When it was announced that Tad Williams' next project would be an urban fantasy series, I was intrigued. I had no doubt that Williams could pull it off and come up with something good. Over the course of his career, the author has proven time and time again that he was versatile. And yet, Williams would now play in a much different sandbox. His latest work would be compared to those of bestselling machines such as Charlaine Harris and Jim Butcher. The question was: Could Tad Williams play with the big girls? Sorry, folks, but other than Butcher, female authors dominate the charts when it comes to urban fantasy.
The answer is yes, at least in terms of quality and originality. Time will tell if the urban fantasy crowd will give it a shot and dig it, or if it will mostly be Williams' existing fans that will move units of this novel. Still, The Dirty Streets of Heaven could well be the author's most accessible book to date.
Here's the blurb:
Bobby Dollar would like to know what he was like when he was alive, but too much of his time is spent working as an extremely minor functionary in the heavenly host judging recently departed souls.
Until the day a soul goes missing, presumed stolen by ‘the other side’.
A new chapter in the war between heaven and hell is about to open. And Bobby is right in the middle of it, with only a desirable but deadly demon to aid him.
The worldbuilding is intriguing. Although it must be said that Williams doesn't offer more than a few glimpses here and there. Hence, not a whole lot is unveiled regarding Heaven and Hell, Angels and Demons, and their eternal struggle. I enjoyed the glimpses we got from the futuristic and bureaucratic Heaven, and I would have loved to learn more about their hierarchy. Having said that, those glimpses make you want to beg for more, so Williams sure knows how to tease and ensure that we'll be there for the second volume! Another seemingly odd decision, at least by urban fantasy's standards, was to set the action in the fictitious Bay area town of San Judas. I figure that there must be a reason for this, but nothing in The Dirty Streets of Heaven hints at what it could be.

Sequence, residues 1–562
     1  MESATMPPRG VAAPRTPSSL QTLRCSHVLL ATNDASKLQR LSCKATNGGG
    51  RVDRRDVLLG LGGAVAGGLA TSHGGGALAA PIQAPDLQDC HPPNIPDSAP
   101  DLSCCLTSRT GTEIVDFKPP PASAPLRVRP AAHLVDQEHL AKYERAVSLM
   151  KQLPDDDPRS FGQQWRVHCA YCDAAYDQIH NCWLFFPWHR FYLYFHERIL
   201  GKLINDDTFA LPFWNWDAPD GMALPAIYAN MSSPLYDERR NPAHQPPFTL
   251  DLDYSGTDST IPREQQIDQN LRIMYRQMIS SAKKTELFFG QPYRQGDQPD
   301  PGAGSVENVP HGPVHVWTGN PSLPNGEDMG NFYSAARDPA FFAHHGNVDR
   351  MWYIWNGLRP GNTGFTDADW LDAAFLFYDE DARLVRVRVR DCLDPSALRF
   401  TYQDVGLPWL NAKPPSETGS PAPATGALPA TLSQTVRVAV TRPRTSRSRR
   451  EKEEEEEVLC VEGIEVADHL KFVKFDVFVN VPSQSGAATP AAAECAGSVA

The first person narrative of Angel Doloriel, also known as Bobby Dollar, makes for an entertaining ride. As the main protagonist, Boddy Dollar may not be as endearing as Butcher's Harry Dresden or Vaughn's Kitty Norville. But like them, he's not always the sharpest tool in the shed and given the chance he certainly grows on you. The supporting cast is comprised of a number of interesting men and women, both from Heaven and Hell. Especially Sam and Casimira, both of whom have more depth than meets the eye. However, the whole Good vs Evil love affair was so clichéd that I'm persuaded Tad Williams has something unexpected in mind. Otherwise, that plotline is too easy, and Williams is not known for taking the path of least resistance.